Metastatic cells feed off a complement

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Science  31 Mar 2017:
Vol. 355, Issue 6332, pp. 1387
DOI: 10.1126/science.355.6332.1387-b

Cancer patients with metastases in the cerebrospinal fluid (CSF) have a poor prognosis. How cancer cells survive in the CSF has been an enigma because this microenvironment is devoid of mitogens and nutrients required for cell growth. Studying mice and patient samples, Boire et al. show that cancer cells metastasizing to the CSF overexpress a protein called complement component 3 (C3). C3 activates a specific receptor in the choroid plexus epithelium, a barrier system in the brain that prevents cells and molecules in the blood from entering the CSF. This activation disrupts the blood-CSF barrier, allowing circulating growth factors into the CSF. A drug that blocks this activation suppressed metastasis to the CSF in mice.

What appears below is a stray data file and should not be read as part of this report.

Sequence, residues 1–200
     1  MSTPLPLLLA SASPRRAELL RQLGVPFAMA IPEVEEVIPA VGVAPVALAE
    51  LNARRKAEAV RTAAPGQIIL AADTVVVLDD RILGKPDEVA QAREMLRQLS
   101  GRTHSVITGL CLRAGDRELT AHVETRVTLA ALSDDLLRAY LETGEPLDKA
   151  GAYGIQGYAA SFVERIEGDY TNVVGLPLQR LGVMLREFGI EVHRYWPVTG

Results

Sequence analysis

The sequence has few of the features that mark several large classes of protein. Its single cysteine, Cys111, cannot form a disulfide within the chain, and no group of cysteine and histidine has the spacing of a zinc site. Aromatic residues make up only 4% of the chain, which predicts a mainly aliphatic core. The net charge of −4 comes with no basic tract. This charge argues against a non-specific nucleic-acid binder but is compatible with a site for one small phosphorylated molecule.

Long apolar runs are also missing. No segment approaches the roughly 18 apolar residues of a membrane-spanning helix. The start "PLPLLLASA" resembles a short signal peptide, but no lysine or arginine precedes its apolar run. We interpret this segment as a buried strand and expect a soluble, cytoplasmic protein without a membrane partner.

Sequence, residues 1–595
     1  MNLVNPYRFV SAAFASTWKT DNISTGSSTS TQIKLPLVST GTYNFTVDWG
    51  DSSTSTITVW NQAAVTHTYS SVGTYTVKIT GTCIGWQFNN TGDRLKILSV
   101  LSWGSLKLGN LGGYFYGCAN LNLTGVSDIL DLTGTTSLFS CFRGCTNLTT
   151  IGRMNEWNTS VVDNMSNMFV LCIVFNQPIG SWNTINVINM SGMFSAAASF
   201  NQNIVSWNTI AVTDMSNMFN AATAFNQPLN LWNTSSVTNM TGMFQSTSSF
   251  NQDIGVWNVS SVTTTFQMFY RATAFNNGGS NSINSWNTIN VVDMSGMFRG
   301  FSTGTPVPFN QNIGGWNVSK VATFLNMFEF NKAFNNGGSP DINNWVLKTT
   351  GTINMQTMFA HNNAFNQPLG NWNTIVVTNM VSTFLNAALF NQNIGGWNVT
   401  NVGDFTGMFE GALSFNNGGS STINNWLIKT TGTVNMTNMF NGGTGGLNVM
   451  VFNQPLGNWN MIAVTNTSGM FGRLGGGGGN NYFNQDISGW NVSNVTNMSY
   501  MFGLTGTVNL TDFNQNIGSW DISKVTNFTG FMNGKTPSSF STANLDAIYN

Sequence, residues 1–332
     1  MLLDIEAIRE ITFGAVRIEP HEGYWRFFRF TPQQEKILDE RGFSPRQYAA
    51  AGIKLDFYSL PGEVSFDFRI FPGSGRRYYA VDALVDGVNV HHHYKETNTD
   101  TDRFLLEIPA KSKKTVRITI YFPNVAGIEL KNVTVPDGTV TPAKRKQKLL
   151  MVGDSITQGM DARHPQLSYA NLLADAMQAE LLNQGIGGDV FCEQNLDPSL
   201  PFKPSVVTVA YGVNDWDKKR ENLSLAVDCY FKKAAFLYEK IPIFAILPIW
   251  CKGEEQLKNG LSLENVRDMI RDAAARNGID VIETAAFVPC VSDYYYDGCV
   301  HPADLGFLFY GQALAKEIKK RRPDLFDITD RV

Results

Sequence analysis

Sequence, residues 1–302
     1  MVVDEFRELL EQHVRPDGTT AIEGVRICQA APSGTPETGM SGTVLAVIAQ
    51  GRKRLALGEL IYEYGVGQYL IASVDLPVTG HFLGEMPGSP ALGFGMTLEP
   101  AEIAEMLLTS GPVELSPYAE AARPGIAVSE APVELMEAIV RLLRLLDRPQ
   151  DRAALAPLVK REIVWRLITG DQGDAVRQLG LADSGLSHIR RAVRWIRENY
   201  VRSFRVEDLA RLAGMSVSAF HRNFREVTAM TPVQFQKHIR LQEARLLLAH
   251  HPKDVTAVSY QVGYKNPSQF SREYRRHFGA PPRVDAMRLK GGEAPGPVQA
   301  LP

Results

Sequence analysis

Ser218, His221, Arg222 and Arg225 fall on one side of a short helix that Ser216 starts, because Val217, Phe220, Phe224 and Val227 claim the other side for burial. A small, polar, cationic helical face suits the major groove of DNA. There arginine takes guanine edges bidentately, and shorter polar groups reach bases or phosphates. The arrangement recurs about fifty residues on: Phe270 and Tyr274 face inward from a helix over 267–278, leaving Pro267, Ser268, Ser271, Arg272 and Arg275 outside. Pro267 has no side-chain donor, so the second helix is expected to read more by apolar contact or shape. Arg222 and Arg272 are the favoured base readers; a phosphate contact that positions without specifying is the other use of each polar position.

Cell 168, 1101 (2017).

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